Jackson Buyea was born 16 weeks early in a small hospital outside of Indianapolis while his parents were on a road trip to pick up their two older sons visiting relatives in Kansas.
The baby, weighing 1 pound, 12 ounces, was kept alive by a respiratory therapist.
“She stood for an hour or an hour and a half with two fingers on Jackson’s chest and a little pump just keeping him breathing,” said Jackson’s father, Robert.
Jackson was soon transferred to Peyton Manning Children’s Hospital at St. Vincent in Indianapolis, where he and his mother, Jen, stayed for two months before being flown home to Buffalo and Women & Children’s Hospital.
His parents credit the medical staff at those hospitals for saving Jackson's life and treating the many complications that followed, including a chronic lung disease called bronchopulmonary dysplasia; a spontaneous bowel perforation; hydrocephalus, which is an accumulation of fluid on the brain; and cerebral palsy.
“He had a very, very rocky start,” said Jackson’s physical therapist, Dr. Dawn Shaflucas of Women & Children’s Hospital.
Four years and 13 surgeries later, Jackson is a happy, confident and inquisitive preschooler attending the Catalician Center in Depew. He walks with crutches, but he hopes to one day walk independently.
“He is a lot of work but not ever a burden,” said Jen Buyea. “He’s such a joy. He understands life and love at the truest level. If you look at him and talk to him, you know that. He’s more than those red crutches.”
Jackson's story is being told because today is Kids Day. Thousands of volunteers will help sell a special Kids Day edition of The Buffalo News this morning. The proceeds from the sale of this special edition will benefit Women and Children’s Hospital of Buffalo, Cradle Beach and children in Western New York.
Jackson loves fire trucks and riding the school bus. He received a tee-ball set for his fourth birthday on April 6, and he hopes to play on a team. At home in Lancaster, he enjoys flipping through books with his older brothers Clark, 15, and Cody, 11.
“I can do what I can do!” is his motto.
He also keeps a very busy schedule of appointments for an array of therapies, including physical, occupational, speech, special instruction and vision. Aquatic therapy starts soon, and this month he resumed weekly hippotherapy at a farm in Youngstown, where he rides atop a horse named Fred for 30 minutes. Fred’s equine movements help Jackson develop core strength and teach him how to shift his weight.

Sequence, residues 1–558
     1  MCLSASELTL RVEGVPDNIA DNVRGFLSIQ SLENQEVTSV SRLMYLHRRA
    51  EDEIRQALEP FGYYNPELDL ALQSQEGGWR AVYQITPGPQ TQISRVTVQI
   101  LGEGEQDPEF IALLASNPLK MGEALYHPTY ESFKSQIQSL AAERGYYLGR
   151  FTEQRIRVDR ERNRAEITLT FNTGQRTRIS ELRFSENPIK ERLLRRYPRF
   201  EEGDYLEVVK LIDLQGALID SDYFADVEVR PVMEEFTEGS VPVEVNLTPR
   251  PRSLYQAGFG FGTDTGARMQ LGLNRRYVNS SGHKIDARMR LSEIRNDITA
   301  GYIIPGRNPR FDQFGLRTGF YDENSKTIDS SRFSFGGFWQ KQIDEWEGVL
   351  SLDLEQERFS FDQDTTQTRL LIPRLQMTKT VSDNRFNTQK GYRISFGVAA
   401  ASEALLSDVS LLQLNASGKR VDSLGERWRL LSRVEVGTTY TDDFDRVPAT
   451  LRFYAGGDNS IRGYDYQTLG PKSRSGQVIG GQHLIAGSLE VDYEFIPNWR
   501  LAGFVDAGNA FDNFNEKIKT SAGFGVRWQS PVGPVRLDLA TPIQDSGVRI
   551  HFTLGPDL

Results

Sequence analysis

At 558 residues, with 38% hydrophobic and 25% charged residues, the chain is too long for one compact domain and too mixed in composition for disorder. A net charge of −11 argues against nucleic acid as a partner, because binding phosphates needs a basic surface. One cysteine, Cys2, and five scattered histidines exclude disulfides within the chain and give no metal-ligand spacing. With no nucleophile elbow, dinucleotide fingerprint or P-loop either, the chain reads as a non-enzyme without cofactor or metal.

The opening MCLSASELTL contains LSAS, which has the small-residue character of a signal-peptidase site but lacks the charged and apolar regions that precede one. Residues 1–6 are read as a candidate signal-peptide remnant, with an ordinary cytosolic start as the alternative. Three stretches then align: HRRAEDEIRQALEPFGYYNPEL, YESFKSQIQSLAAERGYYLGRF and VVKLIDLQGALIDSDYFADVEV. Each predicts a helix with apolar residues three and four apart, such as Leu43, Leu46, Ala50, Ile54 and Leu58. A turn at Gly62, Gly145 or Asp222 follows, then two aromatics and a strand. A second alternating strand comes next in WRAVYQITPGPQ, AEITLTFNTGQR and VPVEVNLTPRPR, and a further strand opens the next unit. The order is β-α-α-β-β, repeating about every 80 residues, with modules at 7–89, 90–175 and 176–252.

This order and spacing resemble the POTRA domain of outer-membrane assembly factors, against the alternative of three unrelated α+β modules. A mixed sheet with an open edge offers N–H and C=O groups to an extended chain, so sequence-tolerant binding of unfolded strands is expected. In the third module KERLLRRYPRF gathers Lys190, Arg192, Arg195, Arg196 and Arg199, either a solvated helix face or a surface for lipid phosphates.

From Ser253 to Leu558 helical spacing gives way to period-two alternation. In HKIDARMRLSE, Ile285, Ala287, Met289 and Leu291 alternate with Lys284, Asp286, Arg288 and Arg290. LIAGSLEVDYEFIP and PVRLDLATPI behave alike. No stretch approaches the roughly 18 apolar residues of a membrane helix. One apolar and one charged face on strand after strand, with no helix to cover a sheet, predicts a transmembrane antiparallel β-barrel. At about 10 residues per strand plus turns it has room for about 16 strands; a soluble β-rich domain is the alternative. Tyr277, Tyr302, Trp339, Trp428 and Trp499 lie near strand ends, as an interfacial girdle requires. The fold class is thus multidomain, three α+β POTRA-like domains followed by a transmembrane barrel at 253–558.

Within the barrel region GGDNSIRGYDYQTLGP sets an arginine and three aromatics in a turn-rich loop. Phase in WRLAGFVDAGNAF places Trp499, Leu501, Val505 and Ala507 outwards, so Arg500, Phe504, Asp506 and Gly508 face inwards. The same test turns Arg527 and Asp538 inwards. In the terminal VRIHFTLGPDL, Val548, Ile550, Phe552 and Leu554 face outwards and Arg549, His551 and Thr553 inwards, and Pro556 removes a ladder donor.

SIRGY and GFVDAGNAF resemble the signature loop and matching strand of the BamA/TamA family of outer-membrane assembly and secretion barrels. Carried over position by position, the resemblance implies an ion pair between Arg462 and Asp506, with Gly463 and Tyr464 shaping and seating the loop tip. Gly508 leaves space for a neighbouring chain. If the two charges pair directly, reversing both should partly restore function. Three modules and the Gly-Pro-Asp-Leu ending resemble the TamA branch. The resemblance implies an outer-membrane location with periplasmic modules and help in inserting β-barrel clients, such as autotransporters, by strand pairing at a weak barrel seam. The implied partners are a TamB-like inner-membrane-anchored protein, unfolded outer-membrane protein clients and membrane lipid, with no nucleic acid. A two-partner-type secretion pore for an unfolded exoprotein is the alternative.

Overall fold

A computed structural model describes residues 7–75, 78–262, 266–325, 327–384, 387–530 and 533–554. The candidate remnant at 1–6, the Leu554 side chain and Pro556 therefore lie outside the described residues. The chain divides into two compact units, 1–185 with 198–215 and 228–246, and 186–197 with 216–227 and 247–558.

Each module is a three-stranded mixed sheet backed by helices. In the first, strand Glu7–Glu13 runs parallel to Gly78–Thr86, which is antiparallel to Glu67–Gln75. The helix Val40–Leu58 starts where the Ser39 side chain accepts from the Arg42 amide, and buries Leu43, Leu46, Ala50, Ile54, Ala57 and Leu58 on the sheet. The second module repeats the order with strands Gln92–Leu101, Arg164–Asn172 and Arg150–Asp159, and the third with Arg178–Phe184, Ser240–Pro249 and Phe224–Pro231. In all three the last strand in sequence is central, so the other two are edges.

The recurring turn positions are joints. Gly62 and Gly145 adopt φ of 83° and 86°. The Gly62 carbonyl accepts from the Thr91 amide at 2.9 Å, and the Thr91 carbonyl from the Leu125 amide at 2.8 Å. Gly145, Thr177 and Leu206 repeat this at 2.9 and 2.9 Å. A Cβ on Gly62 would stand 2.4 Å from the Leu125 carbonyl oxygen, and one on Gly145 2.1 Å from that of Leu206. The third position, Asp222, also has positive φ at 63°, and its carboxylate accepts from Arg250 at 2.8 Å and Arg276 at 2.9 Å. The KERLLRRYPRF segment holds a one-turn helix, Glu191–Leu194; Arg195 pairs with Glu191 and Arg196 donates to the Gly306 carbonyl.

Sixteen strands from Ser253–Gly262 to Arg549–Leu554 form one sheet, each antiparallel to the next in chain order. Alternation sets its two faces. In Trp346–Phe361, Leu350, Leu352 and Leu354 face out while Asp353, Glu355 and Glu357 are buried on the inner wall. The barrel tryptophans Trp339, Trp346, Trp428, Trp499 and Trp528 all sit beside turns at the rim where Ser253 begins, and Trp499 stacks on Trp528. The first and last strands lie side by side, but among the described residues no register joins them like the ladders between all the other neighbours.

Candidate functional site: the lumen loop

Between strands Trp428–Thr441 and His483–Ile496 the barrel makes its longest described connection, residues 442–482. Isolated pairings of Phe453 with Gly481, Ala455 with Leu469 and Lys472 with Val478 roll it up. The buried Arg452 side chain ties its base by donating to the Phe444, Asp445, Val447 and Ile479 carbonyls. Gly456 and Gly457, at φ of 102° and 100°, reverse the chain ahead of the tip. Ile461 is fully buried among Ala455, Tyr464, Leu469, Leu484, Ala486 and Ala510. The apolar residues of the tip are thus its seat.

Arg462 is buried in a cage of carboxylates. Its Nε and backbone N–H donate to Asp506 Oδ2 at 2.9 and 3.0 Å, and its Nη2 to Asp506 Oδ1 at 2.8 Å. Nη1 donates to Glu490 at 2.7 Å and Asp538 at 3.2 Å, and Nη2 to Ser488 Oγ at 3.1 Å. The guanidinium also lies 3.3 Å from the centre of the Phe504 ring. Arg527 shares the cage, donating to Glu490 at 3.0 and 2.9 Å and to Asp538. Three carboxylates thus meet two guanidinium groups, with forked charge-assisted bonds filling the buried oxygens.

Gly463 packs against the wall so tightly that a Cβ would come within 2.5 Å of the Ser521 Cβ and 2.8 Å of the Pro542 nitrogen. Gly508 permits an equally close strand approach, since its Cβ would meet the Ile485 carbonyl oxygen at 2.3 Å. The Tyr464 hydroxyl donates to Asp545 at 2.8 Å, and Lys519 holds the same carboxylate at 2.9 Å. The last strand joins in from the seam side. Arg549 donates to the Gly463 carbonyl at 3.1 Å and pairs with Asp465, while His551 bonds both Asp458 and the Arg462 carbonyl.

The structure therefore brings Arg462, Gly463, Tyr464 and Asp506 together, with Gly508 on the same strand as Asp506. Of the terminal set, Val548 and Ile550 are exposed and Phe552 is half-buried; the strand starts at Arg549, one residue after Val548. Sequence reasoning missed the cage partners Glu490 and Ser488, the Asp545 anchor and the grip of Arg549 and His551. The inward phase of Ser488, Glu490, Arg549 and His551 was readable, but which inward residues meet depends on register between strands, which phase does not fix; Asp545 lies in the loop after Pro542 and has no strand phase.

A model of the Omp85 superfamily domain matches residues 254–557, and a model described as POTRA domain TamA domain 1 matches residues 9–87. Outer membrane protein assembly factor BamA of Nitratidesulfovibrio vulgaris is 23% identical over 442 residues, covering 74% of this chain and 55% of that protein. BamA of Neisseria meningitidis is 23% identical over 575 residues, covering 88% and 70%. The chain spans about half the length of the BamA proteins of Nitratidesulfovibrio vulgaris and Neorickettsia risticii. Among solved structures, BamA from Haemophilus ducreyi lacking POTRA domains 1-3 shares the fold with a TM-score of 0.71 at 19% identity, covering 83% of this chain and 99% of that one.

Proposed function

“This is the busiest preschooler, and he just handles it amazingly,” said Shaflucas. “He goes from one thing to the next and works as hard as he can every time with a smile on his face.”
Jackson has become such a regular at Women & Children’s Hospital that he’s earned the nickname "the Mayor” for all the socializing he does.
“He actually stops and looks people right in the eye, says, ‘Hi,’ and doesn’t really let them move on without getting a response,” said Jen Buyea.
His parents were pleased with Jackson’s progress, but they worried that it had plateaued and that he would never reach that ultimate goal of walking independently.
“As long as he’s going to tell me ‘I want to play baseball’ or ‘I want to run’ then I’m going to do whatever I can to get him there,” said Jen Buyea, a nurse at Roswell Park Cancer Institute.
In August, Jackson underwent a selective dorsal rhizotomy performed by his neurosurgeon, Dr. Veetai Li. The procedure involved cutting some of the sensory nerve fibers that come from the muscles and enter the spinal cord to reduce the spasticity in his legs.
It’s usually performed on older kids with cerebral palsy, but Jackson’s parents felt he was ready.
“It’s my job as his advocate and his mom to do whatever we can do to make that happen,” said Jen Buyea. “I had a lot of people tell us ‘No’ when I knew he could tolerate it.”
Shafluca agreed the surgery was a success.
“It made his legs significantly more flexible,” said Shafluca. “He has been working hard since then at gaining a lot more strength and control over his leg movements.”
The family is proud of Jackson for overcoming the odds stacked against him four years ago.
“I love the way that he is who he is,” said Robert Buyea. “All of these huge groups of people have taken him in as their little guy.”